Western Red Cedar strips added over the deck beams... 
...and 30 mm x 4 mm marine plywood over the spaceframe tops.

Western Red Cedar added over the king plank and the breasthook, shaved and sanded.
View of the added Western Red Cedar over the main foredeck beam...

View of the added Western Red Cedar over the forward foredeck beam and king plank after shaving and sanding.

Next, I cut two 6 mm plywood pieces to fit between the jib cleat and the aft deck beam on the starboard side. I glued both pieces together with epoxy resin and colloidal silica. Then, I shaved the starboard plank angle and fitted the 12 mm plate with more epoxy resin and colloidal silica. The same process was followed on the port side.

This doubler is for the main and lower shroud sheaves.

I decided to add more curves to the deck to smooth our her lines around the aft deck beam where it intersects the king plank and where it turns around towards the jib cleat.

I cut a couple of 48" long x  30 mm wide strips of 4 mm thick plywood. I made the cut across the grain to facilitate the bending of the plywood around the desired turn radius. The width, from a point in the rear deck beam, was reduced to 25 mm at the king plank. One piece was enough to go around from the king plank to the aft deck beam and to then to the jib cleat.

For the rear, I cut a couple of 24" long x  20 mm wide strips of 4 mm thick plywood. I also made the cut across the grain for these to facilitate the bending of the plywood around the desired turn radius.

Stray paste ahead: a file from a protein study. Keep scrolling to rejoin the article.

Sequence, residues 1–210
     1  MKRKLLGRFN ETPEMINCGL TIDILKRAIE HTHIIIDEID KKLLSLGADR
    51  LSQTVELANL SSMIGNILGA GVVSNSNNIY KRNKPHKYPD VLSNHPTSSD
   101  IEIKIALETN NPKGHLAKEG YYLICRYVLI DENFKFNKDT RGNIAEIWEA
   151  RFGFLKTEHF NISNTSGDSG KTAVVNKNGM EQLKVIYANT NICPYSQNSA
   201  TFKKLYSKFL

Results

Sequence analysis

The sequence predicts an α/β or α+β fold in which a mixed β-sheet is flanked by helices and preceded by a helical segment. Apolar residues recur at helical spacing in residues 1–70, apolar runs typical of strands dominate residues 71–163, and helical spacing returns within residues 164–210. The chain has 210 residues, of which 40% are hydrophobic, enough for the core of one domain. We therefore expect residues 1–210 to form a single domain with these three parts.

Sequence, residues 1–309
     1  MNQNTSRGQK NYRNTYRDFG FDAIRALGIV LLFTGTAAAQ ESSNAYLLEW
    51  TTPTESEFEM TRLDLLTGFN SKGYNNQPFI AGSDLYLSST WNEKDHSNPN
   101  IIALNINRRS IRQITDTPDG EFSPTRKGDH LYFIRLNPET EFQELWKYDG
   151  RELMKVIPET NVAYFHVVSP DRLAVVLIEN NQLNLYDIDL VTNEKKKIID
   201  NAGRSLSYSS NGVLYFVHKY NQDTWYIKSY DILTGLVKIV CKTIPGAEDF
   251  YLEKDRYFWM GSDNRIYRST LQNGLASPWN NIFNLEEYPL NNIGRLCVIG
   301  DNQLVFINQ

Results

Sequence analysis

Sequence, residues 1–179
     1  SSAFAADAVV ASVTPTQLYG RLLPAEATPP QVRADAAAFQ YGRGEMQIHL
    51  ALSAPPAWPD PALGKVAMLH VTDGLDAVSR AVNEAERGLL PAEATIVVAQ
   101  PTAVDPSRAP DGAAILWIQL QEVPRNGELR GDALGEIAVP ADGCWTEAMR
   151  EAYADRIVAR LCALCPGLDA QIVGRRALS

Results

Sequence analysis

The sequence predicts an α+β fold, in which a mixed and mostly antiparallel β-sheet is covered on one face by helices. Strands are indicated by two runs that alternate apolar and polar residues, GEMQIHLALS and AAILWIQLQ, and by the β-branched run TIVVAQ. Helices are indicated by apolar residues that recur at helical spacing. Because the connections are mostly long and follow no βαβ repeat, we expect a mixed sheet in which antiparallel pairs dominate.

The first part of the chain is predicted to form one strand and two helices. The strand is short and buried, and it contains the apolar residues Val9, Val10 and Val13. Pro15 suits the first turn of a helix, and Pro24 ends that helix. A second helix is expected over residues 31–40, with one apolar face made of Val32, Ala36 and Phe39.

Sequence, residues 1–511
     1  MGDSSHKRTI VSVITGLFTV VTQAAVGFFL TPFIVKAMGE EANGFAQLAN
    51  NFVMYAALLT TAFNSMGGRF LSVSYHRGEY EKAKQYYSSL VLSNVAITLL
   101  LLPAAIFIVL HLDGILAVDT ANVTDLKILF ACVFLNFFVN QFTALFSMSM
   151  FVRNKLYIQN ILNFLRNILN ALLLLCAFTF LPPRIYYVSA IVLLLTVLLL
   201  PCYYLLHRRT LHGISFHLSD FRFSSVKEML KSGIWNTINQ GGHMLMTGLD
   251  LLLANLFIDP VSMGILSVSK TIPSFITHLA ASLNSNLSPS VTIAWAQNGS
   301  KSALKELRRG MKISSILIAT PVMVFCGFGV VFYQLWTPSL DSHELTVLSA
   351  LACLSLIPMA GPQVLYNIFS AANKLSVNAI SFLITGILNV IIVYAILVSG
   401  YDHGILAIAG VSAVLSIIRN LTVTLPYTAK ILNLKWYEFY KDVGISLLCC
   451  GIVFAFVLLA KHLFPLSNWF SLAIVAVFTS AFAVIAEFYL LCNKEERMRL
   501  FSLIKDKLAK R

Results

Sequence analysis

Next, I added Western Red Cedar reinforcements behind the plywood bends between the king plank and the aft deck beam. Also behind the bend between the aft deck beam and the stringers reinforcing the carlin. 
Likewise in the rear, behind the plywood bend between the stringer and the transom

The Deck

Varnish will cover the deck around the boat so I made sure to select a couple of 4 mm sheets of marine plywood with a pretty wood pattern to show off. This is the one I selected for the foredeck.

Firstly, I measured the distance between the aft end of the king post and the forward edge of the breasthook where the deck will end. I added 1 inch to that dimension and cut the plywood sheet across. Secondly, I centered the sheet of plywood along the king plank leaving half an inch extra aft and forwards so I can then plane it to shape after it has been glued in place.